The Public Humanist

Tag Archives | Public Humanist

Still They Persisted: What a 105 Year Old Strike in Lawrence, MA Can Teach Us About Organization and Social Change

Suggesting that the 1912 strike started in a flash over a wage cut diminishes the contributions of the laborers—mostly women and immigrants—who built unity out of diversity.

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Tu B’Shvat in the Anthropocene: Teshuva with the Earth

An almond tree in blossom near Urueña in Valladolid, Spain, during Tu BiShvat. Photo by Nicolás Pérez.

Is it time to apply the Jewish practice of teshuva to environmentalism?

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A Scientific Sea Change? What the Humanities Offer Environmental Science in the Anthropocene

A sample of plastiglomerate, collected on Kamilo Beach in Hawaii.

How might the sciences and the humanities converge in a geologic era marked by human activity?

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Time for a Tree and a Rope

Jim Crow is again in the news and in the media on a regular basis, with recent sightings on state judicial and educational perches.

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Rhetorical Shifts: Economic Liberty

John Gast’s American Progress, an allegory of Manifest Destiny that was widely disseminated in chromolithographic prints in the late 1800s.

The meanings of welfare and liberty changed significantly from the revolutionary era to the present. How did Adam Smith’s ethically-based concept of liberty come to be replaced with a no-holds-barred free market?

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Are You Ladies Alone?

Marriage

The recent trend in women choosing to marry late (or not at all) is as liberating as any movement, suffrage or sexual.

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Global in (African) Nature: Great Zimbabwe and Kilwa Kisiwani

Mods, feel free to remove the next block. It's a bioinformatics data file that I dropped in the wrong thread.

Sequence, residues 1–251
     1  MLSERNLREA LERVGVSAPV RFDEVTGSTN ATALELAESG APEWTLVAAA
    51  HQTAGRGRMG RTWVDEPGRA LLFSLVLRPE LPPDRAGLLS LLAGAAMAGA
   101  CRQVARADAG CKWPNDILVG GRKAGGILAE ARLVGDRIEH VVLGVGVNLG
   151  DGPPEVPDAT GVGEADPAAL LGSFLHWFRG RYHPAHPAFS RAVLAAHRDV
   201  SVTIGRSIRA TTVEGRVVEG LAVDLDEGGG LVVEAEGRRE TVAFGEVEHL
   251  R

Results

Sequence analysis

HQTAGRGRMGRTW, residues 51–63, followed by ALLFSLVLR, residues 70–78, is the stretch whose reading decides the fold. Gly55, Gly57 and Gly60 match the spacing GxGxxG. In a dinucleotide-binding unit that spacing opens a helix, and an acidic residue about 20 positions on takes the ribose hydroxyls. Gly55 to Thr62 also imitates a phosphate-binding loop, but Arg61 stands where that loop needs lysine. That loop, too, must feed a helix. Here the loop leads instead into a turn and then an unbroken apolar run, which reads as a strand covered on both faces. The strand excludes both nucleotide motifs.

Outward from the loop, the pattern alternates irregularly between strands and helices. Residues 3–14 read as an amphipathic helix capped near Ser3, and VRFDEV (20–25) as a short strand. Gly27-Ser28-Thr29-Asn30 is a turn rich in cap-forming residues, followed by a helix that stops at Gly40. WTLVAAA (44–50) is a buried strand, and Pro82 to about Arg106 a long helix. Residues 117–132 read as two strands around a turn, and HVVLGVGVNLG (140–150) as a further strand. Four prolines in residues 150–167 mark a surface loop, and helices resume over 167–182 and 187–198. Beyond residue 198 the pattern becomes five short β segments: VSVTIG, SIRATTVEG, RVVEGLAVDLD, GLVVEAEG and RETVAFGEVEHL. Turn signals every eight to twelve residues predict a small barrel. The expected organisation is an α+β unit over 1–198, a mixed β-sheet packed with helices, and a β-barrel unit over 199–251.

One of the many original passageways within the Hill Complex, where only the king, his advisors, and his invited guests were permitted.

Trading empires in Africa created a global network while Europe was still reeling from the Middle Ages. Great Zimbabwe is a testament to this neglected history and its ruins demonstrate the architectural and mercantile prowess of its previous inhabitants.

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What is a Terrorist?: Modern War

Guy Fawkes, caught in an attempted bombing, proclaimed that declared that “a dangerous disease required a desperate remedy,” evincing the asymmetry of power and terrorism.

Terrorism may be modern warfare’s brutal apotheosis; a simple strategy in an asymmetrical environment.

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Welfare and Liberty

Founding Fathers painting

Twenty years ago, President Clinton signed into law the welfare reform act for which his presidency is widely remembered. His efforts changed our national concept of welfare. But the word used to mean something very different, as is true with many of the ideas put forth in the Constitution.

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Lend Me Your Ears: Rhetoric in Ancient and Modern Times

Bust of Alcibiades. Capitalize Museum, Rome

In a democracy, the ability to persuade a voting population is the road to power itself.

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